Christina Crenshaw, an English lecturer at Baylor University in Waco, Texas—a college with long-held ties to Baptists in the state—was blindsided.
It was the third week in January, and President Joe Biden had just signed a broad executive order on gender identity and sexual orientation discrimination. Both conservatives and some feminists had labeled the order, among other things, an imminent threat to fairness in female athletic competition and to safety and privacy in sex-segregated changing rooms in public schools and government buildings.
Crenshaw, a wife, mother and anti-human trafficking activist with a Ph.D., showed her maternal instincts in a tweet about the order.
“What if I don’t want biological boys in the bathroom with my biological daughter?” Crenshaw tweeted. “Do the 99% of us who do not struggle with gender dysphoria have a voice? No? Cool.”
Her tweet got a few dozen “likes” and a handful of retweets. But when a small but vocal group of Baylor students noticed it, they quickly began calling for Crenshaw’s dismissal from any future teaching at the school, which decades ago was a destination for many young preachers seeking an educational foundation for their ministry. One Baylor senior said, “We don’t want to be known as a transphobic university.”
The student paper initially characterized Crenshaw’s tweet as “transphobic” in a news story (To its credit, the paper later apologized for its editorializing). An online petition to fire her garnered several hundred signatures; and students, according to the paper, reported her to Title IX enforcement; the campus NAACP; BU Equity; and a group called It’s On Us BU.
The same week, Colorado-based Focus on the Family’s news arm, The Daily Citizen, was suspended from Twitter for what the social media giant deemed “hateful” content.
The Daily Citizen had tweeted that Dr. Rachel Levine, a pediatrician chosen by President Biden to be the assistant secretary of Health and Human Services, is a “transgender woman, that is, a man who believes he is a woman.” Twitter’s message to Focus on the Family was that the tweet was considered hateful content, apparently for “misgendering” Levine as a man, along with the pronoun “he.”
Crenshaw’s experience and that of Focus on the Family has become an almost daily occurrence on college campuses, on social media platforms, and in the corporate and professional world, where adherence to liberal social ideas and norms is often the cost of climbing the ladder and sometimes the price of keeping one’s job.
“Cancel culture can happen on a political level with government forces restricting free speech,” says John Stonestreet, president of the Colson Center for Christian Worldview, “but in our culture it’s increasingly happening through nongovernmental cultural forces.”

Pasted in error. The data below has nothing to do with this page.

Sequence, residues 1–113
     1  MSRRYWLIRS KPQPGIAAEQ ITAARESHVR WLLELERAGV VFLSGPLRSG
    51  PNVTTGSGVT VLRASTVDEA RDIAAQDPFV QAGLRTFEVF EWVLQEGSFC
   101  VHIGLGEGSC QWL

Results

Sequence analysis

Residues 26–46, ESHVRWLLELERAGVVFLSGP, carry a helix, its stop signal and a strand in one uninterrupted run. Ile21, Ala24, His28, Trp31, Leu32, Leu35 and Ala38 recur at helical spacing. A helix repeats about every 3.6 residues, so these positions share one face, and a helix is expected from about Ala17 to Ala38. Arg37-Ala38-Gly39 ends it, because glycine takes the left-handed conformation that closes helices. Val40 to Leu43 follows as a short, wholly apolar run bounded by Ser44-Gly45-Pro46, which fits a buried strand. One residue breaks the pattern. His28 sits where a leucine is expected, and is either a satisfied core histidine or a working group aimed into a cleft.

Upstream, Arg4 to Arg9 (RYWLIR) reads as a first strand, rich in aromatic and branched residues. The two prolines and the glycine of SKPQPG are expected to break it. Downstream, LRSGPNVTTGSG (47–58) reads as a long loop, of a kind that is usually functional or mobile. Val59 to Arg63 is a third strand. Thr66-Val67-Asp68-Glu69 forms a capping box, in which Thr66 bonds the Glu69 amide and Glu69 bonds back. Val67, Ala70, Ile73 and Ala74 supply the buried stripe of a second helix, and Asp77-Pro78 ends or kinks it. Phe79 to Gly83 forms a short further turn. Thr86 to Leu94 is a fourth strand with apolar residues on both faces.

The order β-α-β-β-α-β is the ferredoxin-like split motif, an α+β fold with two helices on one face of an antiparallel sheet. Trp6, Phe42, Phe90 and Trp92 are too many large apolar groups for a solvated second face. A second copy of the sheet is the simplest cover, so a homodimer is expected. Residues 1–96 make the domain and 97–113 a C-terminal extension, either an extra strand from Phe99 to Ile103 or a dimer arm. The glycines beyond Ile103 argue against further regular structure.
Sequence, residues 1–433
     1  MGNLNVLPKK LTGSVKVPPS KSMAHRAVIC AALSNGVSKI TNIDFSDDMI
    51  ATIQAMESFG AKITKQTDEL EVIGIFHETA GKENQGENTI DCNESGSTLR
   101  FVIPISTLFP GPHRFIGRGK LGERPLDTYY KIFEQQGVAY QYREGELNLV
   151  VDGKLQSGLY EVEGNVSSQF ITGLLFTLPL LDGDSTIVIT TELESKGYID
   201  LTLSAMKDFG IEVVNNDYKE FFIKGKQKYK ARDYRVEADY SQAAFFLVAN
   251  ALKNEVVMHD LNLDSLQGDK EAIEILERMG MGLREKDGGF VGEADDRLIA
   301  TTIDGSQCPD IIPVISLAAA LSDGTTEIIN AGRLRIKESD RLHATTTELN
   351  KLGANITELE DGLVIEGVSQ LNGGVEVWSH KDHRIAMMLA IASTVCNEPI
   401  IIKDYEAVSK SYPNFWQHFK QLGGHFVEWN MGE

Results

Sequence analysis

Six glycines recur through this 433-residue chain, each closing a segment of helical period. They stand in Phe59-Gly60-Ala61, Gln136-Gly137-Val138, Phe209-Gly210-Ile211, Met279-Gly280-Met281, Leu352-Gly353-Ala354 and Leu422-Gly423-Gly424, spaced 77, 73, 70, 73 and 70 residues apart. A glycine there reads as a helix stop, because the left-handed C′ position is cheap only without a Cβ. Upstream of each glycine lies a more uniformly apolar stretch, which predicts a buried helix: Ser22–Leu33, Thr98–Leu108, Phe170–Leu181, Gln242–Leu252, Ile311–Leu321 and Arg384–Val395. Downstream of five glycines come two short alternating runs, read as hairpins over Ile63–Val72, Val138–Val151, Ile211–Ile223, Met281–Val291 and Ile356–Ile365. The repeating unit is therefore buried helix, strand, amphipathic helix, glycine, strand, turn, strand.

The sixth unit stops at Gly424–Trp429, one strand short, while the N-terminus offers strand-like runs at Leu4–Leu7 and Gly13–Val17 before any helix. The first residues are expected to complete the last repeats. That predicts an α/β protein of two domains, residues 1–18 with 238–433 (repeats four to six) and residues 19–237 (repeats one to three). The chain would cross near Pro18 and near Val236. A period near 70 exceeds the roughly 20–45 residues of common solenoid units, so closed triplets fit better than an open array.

Complicating the debate over such censorship, Stonestreet says, is that even though social media giants like Facebook, Twitter and YouTube are private companies that are free to make their own rules, the digital space is the new virtual public square, where information is dispensed and opinions are formed.
Moreover, very few businesses or organizations can thrive without utilizing these platforms in the digital age. “Everyone is there,” Stonestreet says. “Social media may hold more power in some parts of our lives than even the government does.”
Stonestreet says he regularly hears from college students who were graded down for running afoul of a professor; medical professionals under pressure to toe a morally fraught line; and corporate executives being pressured to communicate a message contrary to their Christian beliefs.
Even liberals such as bestselling author J.K. Rowling and tennis great Martina Navratilova, an open lesbian, have been “canceled” for speaking up for women and girls in the debate over transgender rights versus women’s rights.
Christians interacting in the public space are to “always speak with grace, seasoned with salt” (see Colossians 4:6). The temptation for believers, Stonestreet says, is to punch back, using the world’s methods. That would be an unbiblical mistake, he contends, “because we are called to play by different rules.”
Eventually, though, Stonestreet believes even the nicest and most circumspect of believers will be forced to either stand with Christ or shrink back in unfaithfulness and fear.
“There are some organizations that are going to be tempted to think that they can get around this by being nice,” Stonestreet warns. “With the consolidation of power of Big Tech and corporations, you can’t be nice enough.”
“If you want to avoid being canceled, you’re going to have to compromise your views,” he adds. “Every organization, every Christian leader, has to just basically sit down and say, ‘Look, I don’t want to invite trouble. I don’t want to be a jerk just to be a jerk, but I can’t say what’s not true,’ and that’s the real issue.”
The answer, Stonestreet says, is not some version of “Christian” Twitter or Facebook, where an even bigger echo chamber is formed. We are to be salt and light in the culture.
“You know what we need? We need a thickening of Christian community. We need the Body of Christ breaking bread, drinking the cup together, being empowered by the Holy Spirit and living out our calling in the world. That’s always been the model for the church.”
Christianity that transforms people isn’t [just] lived out in the digital space, but face to face and in Christian community, Stonestreet argues.
A silver lining is that if Biblical truth continues to be marginalized, “our children are going to probably get a better view of what it means to be committed to the faith,” he adds.
“It doesn’t mean we are to be quiet. But we should rejoice in being able to participate in the sufferings of Christ. We’ll know a little bit more about what our brothers and sisters face elsewhere. In the long run, it’ll clarify our message.”